IT MIGHT SEEM ABSURD to describe Julian Schnabel as neglected, given his great celebrity, his flourishing career as a film director, and his near-mythic status as a 1980s art star, but for more than 20 years his paintings have been passed over in silence by most critics and largely ignored by curators. His paradox is to be at once highly visible as a cultural figure and deeply invisible as a painter. Some of this invisibility is the result of his being dismissed by influential academic theorists as a mere resuscitator of modernist styles in an outmoded medium. Another factor has been the unexpected success of his films, which has drawn attention away from his activity as a painter; the meme “His movies are better than his paintings” has flourished almost since the release of his first film, Basquiat (1996).
A balanced assessment of Schnabel’s achievement has been hampered by the difficulty of seeing his work in depth. Astonishingly, Schnabel has not been given a museum exhibition in the U.S. since his Whitney midcareer survey of 1987. (Recently, L.A. MOCA director Jeffrey Deitch signaled an end to what will have been a quarter-century embargo when he announced his museum is planning a Schnabel retrospective for 2012.) There have been numerous gallery shows, mostly in New York, but only a small percentage of this prolific artist’s work ever made it into these exhibitions. Schnabel’s penchant for painting at billboard scale has been one obstacle to a fuller presentation of his work, and so has his tendency to hold back some important works from public view.
Beyond these shores, Schnabel has not been as neglected. In 2003, the Schirn Kunsthalle in Frankfurt mounted an extensive survey of his work that traveled to the Reina Sofía in Madrid and the Mostra d’Oltremare in Naples. More recently, the Art Gallery of Ontario (AGO) in Toronto presented “Julian Schnabel: Art and Film,” an exhibition that brought together some 40 paintings, two sculptures and eight Polaroids from 1975 to 2010. Asserting that cinema has played a central role in Schnabel’s work from the beginning, the show’s organizer, David Moos, who is the AGO’s curator of modern and contemporary art, assembled a compelling survey of Schnabel’s career in which every work had some connection to film. The exhibition coincided with the 2010 Toronto Film Festival, where Schnabel’s new movie, Miral, had its North American debut. In June, a large Schnabel show opens at the Museo Correr in Venice, coinciding with this year’s Biennale.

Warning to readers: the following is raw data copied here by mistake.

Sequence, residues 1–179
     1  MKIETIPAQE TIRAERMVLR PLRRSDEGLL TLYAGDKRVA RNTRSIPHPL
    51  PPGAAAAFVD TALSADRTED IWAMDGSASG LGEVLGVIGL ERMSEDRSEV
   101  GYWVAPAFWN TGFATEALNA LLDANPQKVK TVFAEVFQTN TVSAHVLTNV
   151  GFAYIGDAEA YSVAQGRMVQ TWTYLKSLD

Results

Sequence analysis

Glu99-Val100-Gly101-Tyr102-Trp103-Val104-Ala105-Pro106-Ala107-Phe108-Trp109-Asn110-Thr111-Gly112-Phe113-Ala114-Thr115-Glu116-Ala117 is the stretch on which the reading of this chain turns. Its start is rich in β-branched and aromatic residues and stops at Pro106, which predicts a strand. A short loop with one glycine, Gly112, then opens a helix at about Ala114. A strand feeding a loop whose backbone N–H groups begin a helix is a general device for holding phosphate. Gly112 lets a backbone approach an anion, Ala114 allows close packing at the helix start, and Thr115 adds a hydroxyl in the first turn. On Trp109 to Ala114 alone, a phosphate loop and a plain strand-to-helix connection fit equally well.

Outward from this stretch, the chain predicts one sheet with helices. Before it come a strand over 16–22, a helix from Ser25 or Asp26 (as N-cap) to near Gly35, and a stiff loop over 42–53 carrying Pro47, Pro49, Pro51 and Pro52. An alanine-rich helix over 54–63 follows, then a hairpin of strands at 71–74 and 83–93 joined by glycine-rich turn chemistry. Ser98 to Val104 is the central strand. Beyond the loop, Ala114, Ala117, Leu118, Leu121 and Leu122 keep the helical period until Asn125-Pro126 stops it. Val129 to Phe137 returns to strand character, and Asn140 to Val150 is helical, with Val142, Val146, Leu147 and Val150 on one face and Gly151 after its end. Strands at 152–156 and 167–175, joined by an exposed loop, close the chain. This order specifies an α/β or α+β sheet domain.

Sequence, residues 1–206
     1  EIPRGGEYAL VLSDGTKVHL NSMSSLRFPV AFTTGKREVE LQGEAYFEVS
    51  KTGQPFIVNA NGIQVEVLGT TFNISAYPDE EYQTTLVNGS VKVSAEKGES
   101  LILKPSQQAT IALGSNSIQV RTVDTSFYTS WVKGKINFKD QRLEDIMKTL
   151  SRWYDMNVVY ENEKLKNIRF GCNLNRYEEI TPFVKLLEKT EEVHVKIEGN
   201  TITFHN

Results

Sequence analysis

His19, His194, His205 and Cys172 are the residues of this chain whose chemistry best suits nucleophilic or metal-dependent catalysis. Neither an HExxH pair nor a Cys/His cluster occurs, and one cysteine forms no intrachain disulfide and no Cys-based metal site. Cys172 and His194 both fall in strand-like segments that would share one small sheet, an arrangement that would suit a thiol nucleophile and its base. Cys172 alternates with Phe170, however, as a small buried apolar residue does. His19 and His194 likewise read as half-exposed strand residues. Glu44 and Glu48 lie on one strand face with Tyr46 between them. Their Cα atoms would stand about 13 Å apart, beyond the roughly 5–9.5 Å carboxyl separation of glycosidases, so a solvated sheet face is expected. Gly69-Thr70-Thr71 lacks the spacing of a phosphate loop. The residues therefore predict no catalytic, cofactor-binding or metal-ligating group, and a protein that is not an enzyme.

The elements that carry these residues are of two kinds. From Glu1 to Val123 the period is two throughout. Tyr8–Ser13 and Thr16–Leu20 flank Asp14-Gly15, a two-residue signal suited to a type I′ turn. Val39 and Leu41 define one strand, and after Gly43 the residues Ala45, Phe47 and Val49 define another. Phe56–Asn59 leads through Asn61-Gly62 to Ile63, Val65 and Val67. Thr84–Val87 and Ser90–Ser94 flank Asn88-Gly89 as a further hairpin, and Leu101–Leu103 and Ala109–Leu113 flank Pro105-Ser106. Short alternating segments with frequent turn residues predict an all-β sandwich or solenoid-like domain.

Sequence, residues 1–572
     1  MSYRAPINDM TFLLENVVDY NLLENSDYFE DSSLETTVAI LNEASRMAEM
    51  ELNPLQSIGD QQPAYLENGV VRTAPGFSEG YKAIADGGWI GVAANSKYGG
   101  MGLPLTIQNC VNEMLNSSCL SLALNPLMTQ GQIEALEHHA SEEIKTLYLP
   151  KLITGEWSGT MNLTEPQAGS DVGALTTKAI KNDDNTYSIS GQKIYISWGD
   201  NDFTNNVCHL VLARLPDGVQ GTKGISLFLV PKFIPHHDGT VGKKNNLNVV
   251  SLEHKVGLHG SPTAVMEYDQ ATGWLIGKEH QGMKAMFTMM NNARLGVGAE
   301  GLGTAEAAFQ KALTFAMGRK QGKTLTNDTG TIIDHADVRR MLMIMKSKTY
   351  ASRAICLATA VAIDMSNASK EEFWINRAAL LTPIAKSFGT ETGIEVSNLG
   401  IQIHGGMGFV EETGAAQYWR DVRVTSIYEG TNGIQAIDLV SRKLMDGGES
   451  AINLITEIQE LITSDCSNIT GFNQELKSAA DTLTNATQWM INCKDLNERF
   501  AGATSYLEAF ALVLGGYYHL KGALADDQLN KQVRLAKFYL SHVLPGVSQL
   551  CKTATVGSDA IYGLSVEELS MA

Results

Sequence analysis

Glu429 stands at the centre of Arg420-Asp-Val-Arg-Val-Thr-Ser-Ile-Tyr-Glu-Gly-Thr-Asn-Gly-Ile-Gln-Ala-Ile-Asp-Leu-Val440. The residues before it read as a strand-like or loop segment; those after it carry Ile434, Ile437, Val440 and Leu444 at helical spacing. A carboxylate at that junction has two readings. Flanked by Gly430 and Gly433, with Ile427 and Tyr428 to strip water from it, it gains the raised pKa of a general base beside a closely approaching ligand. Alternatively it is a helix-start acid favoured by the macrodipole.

A visit to the AGO show last November made me realize, first, how few of Schnabel’s paintings I’d seen in the past two decades, and second, how powerful his work can be when encountered in person. Everyone knows that the reliance on reproductions of artworks (and paintings, in particular) fosters highly inaccurate notions about them, but it is still very easy to base one’s estimation of individual works or even entire careers on reproductions now, given their accessibility on the Internet. And more and more of our art experience happens on screens the size of placemats. All paintings suffer from reproduction, but Schnabel’s tend to be depleted more than most. The enormous scale of so many of them, which one experiences almost the way one experiences architecture; the disruptive surfaces of the plate paintings, in which images coalesce or break up dramatically depending on one’s viewing distance; the textures of his wildly various supports (weathered tarpaulins, pony skin, black velvet, polyester) that invite intensely haptic responses from viewers; a bounty of materials that range from encaustic and glossy resin to deer antlers and antique embroidery—these are all primary facts about the works that get lost in even the best photographic reproductions. It’s almost as if the artist deliberately set out to make paintings that resist easy translation into the medium of photography. Pursuing such a strategy would be consistent with Schnabel’s oft-stated belief in the importance of the viewer’s presence before the work of art. In 2003, he told Max Hollein, who organized the Schirn Kunsthalle show, “Paintings are physical things that need to be seen in person. It’s hard to get a painting’s intensity from a reproduction.”1
HAVING SEEN SO LITTLE of his work in decades I was unprepared for the physical force of a large plate painting at the AGO: Australia (1986). The subject is the 19th-century Australian outlaw Ned Kelly, whom Schnabel depicts amid a lush landscape, wearing what looks like a frock coat surmounted by a kind of knight’s helmet. (Kelly was famed for his handmade armor.) With hand on hip and his elegant white getup, he looks less like a dangerous criminal or folk hero than like a character from a children’s book or, following Mick Jagger’s portrayal in Tony Richardson’s 1970 film Ned Kelly, a defiant dandy.